Gov. Pat McCrory’s office has spent more than $230,000 on an outside law firm to defend itself in a public records lawsuit filed in 2015 by a media coalition, according to billing invoices.
McCrory’s office provided the records Thursday after The Charlotte Observer filed a lawsuit Wednesday seeking the information. The paper filed the complaint after the governor did not respond to a records request in October seeking the invoices from Charlotte’s Robinson Bradshaw & Hinson, as well as all correspondence to the law firm.
The governor’s office did not provide the correspondence, which the Observer is still pursuing. McCrory, a Republican, is in his final days in office after losing his re-election bid to Democrat Roy Cooper.
Instead of having the state attorney’s general office defend the case, McCrory is using outside, private counsel, at taxpayer expense. Bob Orr, a former North Carolina Supreme Court justice, and staff attorneys are also working on the case.
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“It’s a sad commentary that The Charlotte Observer continues to waste tax dollars by pursuing a frivolous lawsuit along with other liberal media groups and left-wing political activists – all part of their continued four-year coordinated campaign against Governor McCrory,” McCrory spokesman Josh Ellis said. “At the end of the day, we feel confident this lawsuit will be thrown out of court.”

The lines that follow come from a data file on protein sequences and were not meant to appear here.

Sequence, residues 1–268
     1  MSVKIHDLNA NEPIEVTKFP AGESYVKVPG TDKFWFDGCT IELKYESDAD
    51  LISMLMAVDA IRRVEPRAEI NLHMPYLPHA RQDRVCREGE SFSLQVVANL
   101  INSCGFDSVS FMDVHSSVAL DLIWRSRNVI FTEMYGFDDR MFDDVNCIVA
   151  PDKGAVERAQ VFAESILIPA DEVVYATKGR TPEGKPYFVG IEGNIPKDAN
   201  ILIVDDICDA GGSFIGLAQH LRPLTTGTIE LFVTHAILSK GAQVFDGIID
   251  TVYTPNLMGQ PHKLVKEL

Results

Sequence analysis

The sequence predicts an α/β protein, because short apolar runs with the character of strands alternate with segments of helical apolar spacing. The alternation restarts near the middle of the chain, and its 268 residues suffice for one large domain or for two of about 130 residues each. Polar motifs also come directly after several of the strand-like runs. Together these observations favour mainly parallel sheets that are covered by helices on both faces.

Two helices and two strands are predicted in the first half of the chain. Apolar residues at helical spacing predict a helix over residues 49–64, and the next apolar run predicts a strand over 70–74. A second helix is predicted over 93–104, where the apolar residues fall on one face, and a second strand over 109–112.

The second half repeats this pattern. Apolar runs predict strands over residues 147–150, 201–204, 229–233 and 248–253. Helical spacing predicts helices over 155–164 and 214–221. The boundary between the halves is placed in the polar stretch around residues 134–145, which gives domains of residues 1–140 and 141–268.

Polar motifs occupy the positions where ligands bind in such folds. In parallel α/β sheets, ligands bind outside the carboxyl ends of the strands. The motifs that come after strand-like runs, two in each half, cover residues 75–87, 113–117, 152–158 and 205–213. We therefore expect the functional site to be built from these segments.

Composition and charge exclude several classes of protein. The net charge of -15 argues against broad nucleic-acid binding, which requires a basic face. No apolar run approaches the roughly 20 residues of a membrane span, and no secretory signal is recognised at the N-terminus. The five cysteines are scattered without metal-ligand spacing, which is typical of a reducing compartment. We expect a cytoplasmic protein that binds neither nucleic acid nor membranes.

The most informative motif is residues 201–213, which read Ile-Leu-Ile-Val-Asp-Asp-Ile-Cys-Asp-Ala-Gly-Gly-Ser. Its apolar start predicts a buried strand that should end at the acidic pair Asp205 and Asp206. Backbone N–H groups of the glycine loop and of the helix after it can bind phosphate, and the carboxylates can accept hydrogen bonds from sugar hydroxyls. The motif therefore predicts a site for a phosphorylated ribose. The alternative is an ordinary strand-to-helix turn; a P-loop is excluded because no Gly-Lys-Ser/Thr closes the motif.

Robinson Bradshaw & Hinson did not provide comment.
In the 2015 complaint, media companies and public interest groups, including the Observer and The News & Observer of Raleigh, alleged that the McCrory administration had shown “patterns and practices of delay, obfuscation, non-responsiveness, foot-dragging and stonewalling” when it came to fulfilling public records requests.
This week, a three-judge N.C. Court of Appeals panel rejected an appeal by the governor that said he had “sovereign immunity” and could not be sued over a claim that is not specifically spelled out in law. Such protections, McCrory’s attorneys contended, should shield the governor from the broader claims in the media coalition’s lawsuit.
The appeals court ruling means the case could move forward in trial court, absent a review by the state Supreme Court.
The information turned over Thursday by the McCrory administration includes 14 invoices from Robinson Bradshaw & Hinson totaling a little more than $238,000 issued to the state between September 2015 and this month. The biggest invoice was for more than $43,600 on Feb. 8.
The bills did not include details on the work the was provided or hourly rates.
Wednesday’s suit was the second filed by the Observer against the administration in recent months. In October, the Observer sued McCrory seeking emails related to House Bill 2 that had been requested six months earlier. The paper began receiving emails from the governor a little more than a week later.